Subjective quantification of perceptual interactions among some 2D scientific visualization methods

Daniel Acevedo*, David H. Laidlaw

*Corresponding author for this work

Research output: Contribution to journalArticlepeer-review

15 Scopus citations

Abstract

We present an evaluation of a parameterized set of 2D icon-based visualization methods where we quantified how perceptual interactions among visual elements affect effective data exploration. During the experiment, subjects quantified three different design factors for each method: the spatial resolution it could represent, the number of data values it could display at each point, and the degree to which it is visually linear. The class of visualization methods includes Poisson-disk distributed icons where icon size, icon spacing, and icon brightness can be set to a constant or coupled to data values from a 2D scalar field. By only coupling one of those visual components to data, we measured filtering interference for all three design factors. Filtering interference characterizes how different levels of the constant visual elements affect the evaluation of the data-coupled element. Our novel experimental methodology allowed us to generalize this perceptual information, gathered using ad-hoc artificial datasets, onto quantitative rules for visualizing real scientific datasets. This work also provides a framework for evaluating visualizations of multi-valued data that incorporate additional visual cues, such as icon orientation or color.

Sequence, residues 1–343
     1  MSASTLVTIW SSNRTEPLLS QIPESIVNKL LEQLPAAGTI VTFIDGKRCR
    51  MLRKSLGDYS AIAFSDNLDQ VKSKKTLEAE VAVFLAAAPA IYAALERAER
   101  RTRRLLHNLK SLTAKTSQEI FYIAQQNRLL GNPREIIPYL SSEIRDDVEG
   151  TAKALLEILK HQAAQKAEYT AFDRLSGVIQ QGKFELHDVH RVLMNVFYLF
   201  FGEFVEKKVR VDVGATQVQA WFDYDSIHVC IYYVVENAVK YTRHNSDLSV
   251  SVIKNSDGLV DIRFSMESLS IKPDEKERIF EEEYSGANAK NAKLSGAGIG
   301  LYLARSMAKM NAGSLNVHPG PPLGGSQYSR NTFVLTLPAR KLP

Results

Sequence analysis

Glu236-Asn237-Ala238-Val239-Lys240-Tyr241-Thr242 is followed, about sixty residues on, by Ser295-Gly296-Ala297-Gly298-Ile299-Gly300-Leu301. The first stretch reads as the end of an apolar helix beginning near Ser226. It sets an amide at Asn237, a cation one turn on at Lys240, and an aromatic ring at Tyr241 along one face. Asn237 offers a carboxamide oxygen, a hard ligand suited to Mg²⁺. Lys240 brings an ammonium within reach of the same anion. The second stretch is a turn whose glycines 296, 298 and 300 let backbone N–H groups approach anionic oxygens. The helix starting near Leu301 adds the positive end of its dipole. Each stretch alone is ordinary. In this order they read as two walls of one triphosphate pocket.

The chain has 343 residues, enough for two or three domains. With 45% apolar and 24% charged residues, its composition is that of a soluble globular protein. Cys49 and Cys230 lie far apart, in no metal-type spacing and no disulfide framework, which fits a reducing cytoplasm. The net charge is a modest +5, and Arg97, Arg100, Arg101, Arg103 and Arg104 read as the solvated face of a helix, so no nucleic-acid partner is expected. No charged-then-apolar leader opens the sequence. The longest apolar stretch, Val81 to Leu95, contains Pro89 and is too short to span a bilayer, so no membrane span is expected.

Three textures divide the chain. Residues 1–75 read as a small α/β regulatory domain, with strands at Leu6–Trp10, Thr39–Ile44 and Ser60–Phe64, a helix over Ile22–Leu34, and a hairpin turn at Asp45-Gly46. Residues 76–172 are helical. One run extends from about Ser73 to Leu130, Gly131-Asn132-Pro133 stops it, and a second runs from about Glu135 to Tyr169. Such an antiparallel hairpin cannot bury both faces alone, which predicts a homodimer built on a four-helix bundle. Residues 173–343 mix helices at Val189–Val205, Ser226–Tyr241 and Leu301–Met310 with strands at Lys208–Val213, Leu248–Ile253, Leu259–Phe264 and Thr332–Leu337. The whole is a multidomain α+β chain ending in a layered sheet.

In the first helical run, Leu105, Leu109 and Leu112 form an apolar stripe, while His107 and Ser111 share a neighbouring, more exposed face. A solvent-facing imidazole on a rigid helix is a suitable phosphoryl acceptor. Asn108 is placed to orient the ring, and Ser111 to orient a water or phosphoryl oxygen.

Original languageEnglish (US)
Pages (from-to)1133-1140
Number of pages8
JournalIEEE Transactions on Visualization and Computer Graphics
Volume12
Issue number5
DOIs
StatePublished - Sep 1 2006

Keywords

  • 2D visualization methods
  • Perception models
  • Perceptual interactions
  • Visual design
  • Visualization evaluation

ASJC Scopus subject areas

  • Software
  • Signal Processing
  • Computer Vision and Pattern Recognition
  • Computer Graphics and Computer-Aided Design

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